While some people woke up to a Monday morning of a flooded basement or no power, several village institutions made out quite well from Hurricane Irene.
The Mount Pleasant Public Library had one of its busiest Mondays. The library was fortunate in that closed early on Saturday and was closed on Sunday, as part of its summer schedule. Executive Director John Fearon estimates that the library had more than 1,000 visitors.
“The parking lot was packed all day,” Fearon said. “We had loads and loads of people bringing in their PDAs and laptops. It was really great.”
The library set up a laptop area in the basement, and at one point had more than 46 laptops in use.
“It was really nice,” Fearon said. “People were able to come here and work. Everyone was using us to get back in touch. We had people crammed in everywhere. People were great.”
Fearon said that while things slowed down on Tuesday, it was still a noticeably busier Tuesday than usual. By Tuesday, Metro-North service to New York was back, and most Pleasantville residents had power. But Fearon was still impressed by the Monday traffic, which was more crowded than during the after school rush.
“It made us feel wanted,” Fearon said. “It’s great we’re able to be there for people. We were at full capacity, there were no chairs or corners. Everything was full.”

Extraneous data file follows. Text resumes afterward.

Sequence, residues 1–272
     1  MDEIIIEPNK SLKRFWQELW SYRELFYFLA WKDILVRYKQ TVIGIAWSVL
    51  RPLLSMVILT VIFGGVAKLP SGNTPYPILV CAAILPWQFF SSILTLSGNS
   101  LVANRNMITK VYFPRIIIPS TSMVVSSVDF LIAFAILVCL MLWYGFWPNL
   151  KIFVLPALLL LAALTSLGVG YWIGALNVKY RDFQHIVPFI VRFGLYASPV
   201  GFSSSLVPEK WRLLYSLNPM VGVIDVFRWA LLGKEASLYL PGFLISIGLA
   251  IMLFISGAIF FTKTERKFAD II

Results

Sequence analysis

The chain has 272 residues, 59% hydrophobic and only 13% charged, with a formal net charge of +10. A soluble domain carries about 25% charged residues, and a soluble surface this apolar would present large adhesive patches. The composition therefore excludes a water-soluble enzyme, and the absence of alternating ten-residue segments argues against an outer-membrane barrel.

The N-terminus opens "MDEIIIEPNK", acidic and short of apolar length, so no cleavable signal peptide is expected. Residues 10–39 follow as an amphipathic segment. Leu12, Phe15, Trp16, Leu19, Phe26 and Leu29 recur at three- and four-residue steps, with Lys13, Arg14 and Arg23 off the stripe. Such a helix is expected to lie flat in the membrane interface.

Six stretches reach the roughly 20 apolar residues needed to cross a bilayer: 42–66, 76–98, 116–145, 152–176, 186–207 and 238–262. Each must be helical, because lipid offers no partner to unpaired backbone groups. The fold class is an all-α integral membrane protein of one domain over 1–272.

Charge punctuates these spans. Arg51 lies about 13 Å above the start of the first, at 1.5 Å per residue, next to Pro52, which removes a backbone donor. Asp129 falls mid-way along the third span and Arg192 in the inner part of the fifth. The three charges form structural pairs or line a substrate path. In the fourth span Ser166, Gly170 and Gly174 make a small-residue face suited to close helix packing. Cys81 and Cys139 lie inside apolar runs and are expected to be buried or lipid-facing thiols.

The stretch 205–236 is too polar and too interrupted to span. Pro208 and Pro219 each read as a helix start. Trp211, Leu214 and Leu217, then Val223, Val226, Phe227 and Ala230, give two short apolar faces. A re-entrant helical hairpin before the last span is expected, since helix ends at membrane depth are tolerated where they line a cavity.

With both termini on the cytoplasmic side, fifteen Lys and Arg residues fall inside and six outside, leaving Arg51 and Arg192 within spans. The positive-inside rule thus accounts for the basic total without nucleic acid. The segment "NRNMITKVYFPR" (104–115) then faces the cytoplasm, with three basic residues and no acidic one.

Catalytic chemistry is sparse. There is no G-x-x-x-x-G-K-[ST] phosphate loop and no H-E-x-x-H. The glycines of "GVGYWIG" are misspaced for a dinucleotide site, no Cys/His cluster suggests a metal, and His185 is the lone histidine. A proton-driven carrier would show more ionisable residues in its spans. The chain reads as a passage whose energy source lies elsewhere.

The Internet and the rise in e-books has made people question whether libraries will ever go the way of the VCR but Fearon notes that libraries still have a place.
“Our busiest time at the library has been since the Internet took off,” Fearon said. “We just had our biggest month for lending e-books. Our role is slightly changing, but we’re still about providing access to ideas. We still perform a vital service, we’re still making a difference.”
Pleasantville restaurants also benefited from Irene’s aftermath. Many restaurants had lines out the door, as weary residents wanted to do anything but make a home cooked meal.
Doug Crossett, who runs Michael’s Tavern in the Old Village and McArthur’s on Washington Avenue, said Monday was the single busiest dinner in his 31 years in business. Crossett also runs Oliver’s in Katonah.
“All three restaurants were packed,” Crossett said. “There was a great amount of volume. I’m real proud of our kitchen staff. The guests at Michael’s and McArthur’s were generous in their tipping.”
Crossett, who didn’t get his power back until Tuesday, said that Tuesday performed like a normal Saturday night. On Saturday, Michael’s, which stays open late at night, was closed by 10:30 p.m.
“People were nervous,” Crossett said. “I was nervous.”
Crossett said the traffic allowed for neighbors to reconnect with each other at Michael’s and for the community to come together.